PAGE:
Echo location (clicking, clapping, or the taps of steps) is very real, though used differently by different people. @John Sutter and others, have you seen Touch and Go, a novel that was just released that is narrated by a blind man? Publishers Weekly just called it "one of the year's finest fiction debuts." The narrator, Kevin, uses his own steps to hear the depth of corridors, and claps his hands to find a barn.

    November 9, 2011 at 10:06 pm | Reply
    • Thomas

      Echolocation in humans has been proven to be a fraud over and over again. But just like sideshow psychics, they keep convincing people they're legit and draw attention to themselves. Most of the "echolocators" claim to be completely blind, but have just enough forward vision to make their "skills" look passable.

      November 9, 2011 at 10:21 pm | Reply
      • Luke

        oh dont get all tchnical dude...

        November 9, 2011 at 10:32 pm |
      • Michele

        When you are blind and can accurately say this, then I will take your word for it, but I have seen it work, maybe not in the same sense that animals such as bats use it, but it is echo location just the same.

        One of my best friends has done this ever since I have known her, which has been over 20 years. When I met her, we were in 6th grade, and all she had was a cane, which she didn't use a great deal. She didn't even get a guide dog until she was in her 20's, mainly because she had been living alone. One example, was in our Girl Scout camp. Tara would go off the high dive, swim to the surface, and do the clicking, swim her way to the ladder, and walk back to the high dive, absolutely no problem at all. That was probably one of the best ways to show people what she could do. If anyone dares to say that this isn't real, will have to deal with me. I saw it everyday, in action. I was at her house all the time, I even learned braille from her. To this day, I have no problem walking around the house in the dark, because I learned to deal with it at her house. I adapted...and I learned.
        She never lets anything stop her, and I am sure it is because of her ability to use echo location. I am sure that it helps her immensely in raising her family. I just hate that she lives so far away now.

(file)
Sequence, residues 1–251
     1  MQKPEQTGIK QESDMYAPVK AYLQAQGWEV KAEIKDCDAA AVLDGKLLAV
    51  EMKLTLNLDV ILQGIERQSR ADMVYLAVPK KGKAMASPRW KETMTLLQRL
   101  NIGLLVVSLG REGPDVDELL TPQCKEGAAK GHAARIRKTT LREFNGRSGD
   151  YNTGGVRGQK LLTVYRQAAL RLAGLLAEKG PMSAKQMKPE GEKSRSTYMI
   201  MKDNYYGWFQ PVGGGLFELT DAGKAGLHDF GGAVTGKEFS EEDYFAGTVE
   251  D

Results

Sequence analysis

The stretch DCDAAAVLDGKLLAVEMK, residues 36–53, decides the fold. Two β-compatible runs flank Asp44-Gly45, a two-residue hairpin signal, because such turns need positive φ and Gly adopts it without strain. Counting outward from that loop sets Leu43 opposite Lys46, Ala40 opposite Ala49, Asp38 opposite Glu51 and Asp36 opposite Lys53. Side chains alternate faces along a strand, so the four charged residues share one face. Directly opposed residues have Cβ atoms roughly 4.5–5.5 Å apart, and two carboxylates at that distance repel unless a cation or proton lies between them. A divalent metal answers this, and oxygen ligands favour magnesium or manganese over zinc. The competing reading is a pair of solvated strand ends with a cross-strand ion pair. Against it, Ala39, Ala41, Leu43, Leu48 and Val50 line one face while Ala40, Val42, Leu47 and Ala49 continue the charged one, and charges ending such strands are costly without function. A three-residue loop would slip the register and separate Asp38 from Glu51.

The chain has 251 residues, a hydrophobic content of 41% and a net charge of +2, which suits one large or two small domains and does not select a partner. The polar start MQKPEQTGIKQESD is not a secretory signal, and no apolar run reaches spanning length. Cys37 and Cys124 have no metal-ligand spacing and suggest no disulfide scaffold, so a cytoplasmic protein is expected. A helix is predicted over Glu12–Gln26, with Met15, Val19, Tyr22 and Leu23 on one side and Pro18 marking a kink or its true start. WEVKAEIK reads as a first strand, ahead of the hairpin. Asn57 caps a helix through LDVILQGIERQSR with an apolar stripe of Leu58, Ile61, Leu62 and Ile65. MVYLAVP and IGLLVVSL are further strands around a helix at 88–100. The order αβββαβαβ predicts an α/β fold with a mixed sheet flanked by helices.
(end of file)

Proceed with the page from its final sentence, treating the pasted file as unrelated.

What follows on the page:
NEVER underestimate the power of the human brain to adapt...and NEVER underestimate the power of a friend willing to defend what her friend can do

        November 9, 2011 at 10:45 pm |
      • Kelly

        Daniel's eyes were REMOVED at infancy. He has zero vision, so I'm not sure what you are talking about. Plus, there has been scientific research to understand how his brain works while using echolocation. Scientists have found that he is actually using his visual cortex to "see".

        November 12, 2011 at 1:33 am |
    • Luke

      dis guy is all like click click click and is like oh heres an object although im blind and i leared to click wen i waz a baby!!! click on clicker!!!

      November 9, 2011 at 10:31 pm | Reply
  25. wisdom4u2

    This dude is awesome! He just proved that fallacy about humans only using 10% of their brains….well, let’s just say… uh…. a few humans actually DO use more than 10% of their brains. LOL! However, the dude is awesome!

    November 9, 2011 at 10:04 pm | Reply
    • Thomas

      People use different areas of their brains to do or interpret different things. At any given time, about 35% of your brain is active during waking hours. The 10% nonsense is a ridiculous old wives tale that continues to linger.

      November 9, 2011 at 10:42 pm | Reply
      • wisdom4u2

        Uh....yeah...I know. And I believe I used the word 'FALLACY'. You may want to look that word up.

        November 9, 2011 at 11:03 pm |
    • Thomas

      I wasn't bashing. Sorry if it came off sounding like that.

      November 9, 2011 at 11:47 pm | Reply
      • wisdom4u2

        Oh, okay...luv you, Thomas! : )

        November 10, 2011 at 1:19 am |
  26. OBA8YEARS

    WOW!!! ""GOD HELPS HIM OTHER WAYS""

    November 9, 2011 at 10:04 pm | Reply
    • Perry the Platypus

      No, he helped himself in other ways. Don't belittle his accomplishment by crediting 'magic'.

      November 9, 2011 at 10:13 pm | Reply
      • Peter

        Exactly. Agreed!

        November 9, 2011 at 10:21 pm |
      • joe

        Saying that God helped him isn't crediting 'magic'. I am shocked at the amount of close-minded people who deny the existence and constant presence of God.

        November 9, 2011 at 10:35 pm |
      • berealistic

        @joe God is a myth invented to make people feel better about themselves. The only people who are closed-minded are you Bible thum.pers who accept everything Christian at face value without questioning it even once. Religion is silly. It causes wars to be fought over which imaginary friend is better. Deal with it.

        November 9, 2011 at 10:41 pm |
      • zeta

        God is everything, he gave us life and without his help we are nothing.... :)

        November 9, 2011 at 10:42 pm |
      • zeta

        without God's help we are nothing.... :)

        November 9, 2011 at 10:42 pm |
      • berealistic